I’d missed out on this debut 2018 publication until I saw it recommended in a LGBTQ+ Book List. I looked for it in my local Waterstones, couldn’t find it, and then five minutes later spotted a pristine copy in an Oxfam bookshop. If I was still wavering, not sure if it was my kind of thing, I was propelled towards the till by on-cover recommendations by Jill Mansell and Adam Kay, author of “This Is Going To Hurt” (my most visited review of 2019) who describes it as “Funny, clever and warm.”
It spent a short time on my bookshelves and hadn’t even featured on my up and coming reads list until after reading the powerful “Another Country” in the first week of Coronavirus lockdown I decided the reads I had lined up might be too demanding for my current state of mind and anxiety levels and what I actually needed was something “funny, clever and warm”. This book virtually leapt into my arms off the bookshelf.
This was a perfect read in troubled times where most of the world is unable to go out of their houses at present. In those now far-off seeming pre-Corona days I might have just been a tad scathing on what is a gay male slant on Chick-Lit (Dick-Lit? is than an actual term? It certainly came into my mind whilst reading this) but its heart is certainly in the right place and it fulfilled my reading needs perfectly.
After a break-up from a six year relationship with a controlling partner, 34 year old James decides to plunge back into single life and record his dates on a blog in which he anonymously rates and reviews hook-ups until he finds true love again – his “last Romeo”. James works on a gossip magazine and tries to keep his work and blog separate but soon finds the blog begins to overshadow his work, his life and relationships with others. James is a typical hero for this kind of novel, flawed and prone to jumping in feet first and with a blinkered tendency to see the world primarily from his point of view. He’s very much a modern metropolitan man and Justin Myers works a bit of magic in making him likeable and relatable. Without this, the book will fail. James certainly does try the readers’ patience with his inability to empathise with others but it does set up amusing situations. The narrative switches from first person to examples of James’ blog posts in which this unreliable narrator becomes further unreliable.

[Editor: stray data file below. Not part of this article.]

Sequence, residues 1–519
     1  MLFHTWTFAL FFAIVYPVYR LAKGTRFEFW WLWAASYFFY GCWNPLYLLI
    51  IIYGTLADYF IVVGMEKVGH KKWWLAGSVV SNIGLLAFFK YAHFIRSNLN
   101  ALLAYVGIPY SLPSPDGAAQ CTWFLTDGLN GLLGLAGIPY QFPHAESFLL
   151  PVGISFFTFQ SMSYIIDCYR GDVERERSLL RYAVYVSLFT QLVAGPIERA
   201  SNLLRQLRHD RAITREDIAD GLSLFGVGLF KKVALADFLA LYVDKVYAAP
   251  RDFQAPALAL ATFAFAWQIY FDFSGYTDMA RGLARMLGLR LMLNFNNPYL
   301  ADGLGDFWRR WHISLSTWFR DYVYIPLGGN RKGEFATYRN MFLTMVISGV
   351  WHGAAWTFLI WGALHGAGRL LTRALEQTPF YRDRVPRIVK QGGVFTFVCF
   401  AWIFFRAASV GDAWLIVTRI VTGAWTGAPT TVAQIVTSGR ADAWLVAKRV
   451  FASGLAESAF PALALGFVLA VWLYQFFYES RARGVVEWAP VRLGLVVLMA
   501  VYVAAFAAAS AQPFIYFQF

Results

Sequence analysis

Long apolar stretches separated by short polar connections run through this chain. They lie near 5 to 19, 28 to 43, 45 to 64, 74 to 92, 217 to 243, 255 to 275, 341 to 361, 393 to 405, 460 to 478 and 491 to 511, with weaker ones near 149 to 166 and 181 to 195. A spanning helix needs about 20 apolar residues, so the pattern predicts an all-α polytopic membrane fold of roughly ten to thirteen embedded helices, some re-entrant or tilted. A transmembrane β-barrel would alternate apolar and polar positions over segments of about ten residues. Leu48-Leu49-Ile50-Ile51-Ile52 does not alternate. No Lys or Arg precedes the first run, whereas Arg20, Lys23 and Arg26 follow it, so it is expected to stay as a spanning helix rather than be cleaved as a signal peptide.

Journalist Justin Myers set up his own anonymous dating blog in a career trajectory not too unlike his main character which led to this first novel so he does know what he is talking about when he sets James up into various predicaments. It can only work from a gay male perspective, transferring this into chick-lit with a female character would resonate in a very different way, but with a list of questions for reading groups at the back of the paperback publishers Piatkus are pushing for a wider audience. It felt like a breath of fresh air in my reading schedule and I now feel I can go back to my planned list of less fun fare with my anxiety levels lowered. Just what the doctor would have ordered if it was possible to get an appointment!
The Last Romeo was published by Piatkus in 2018.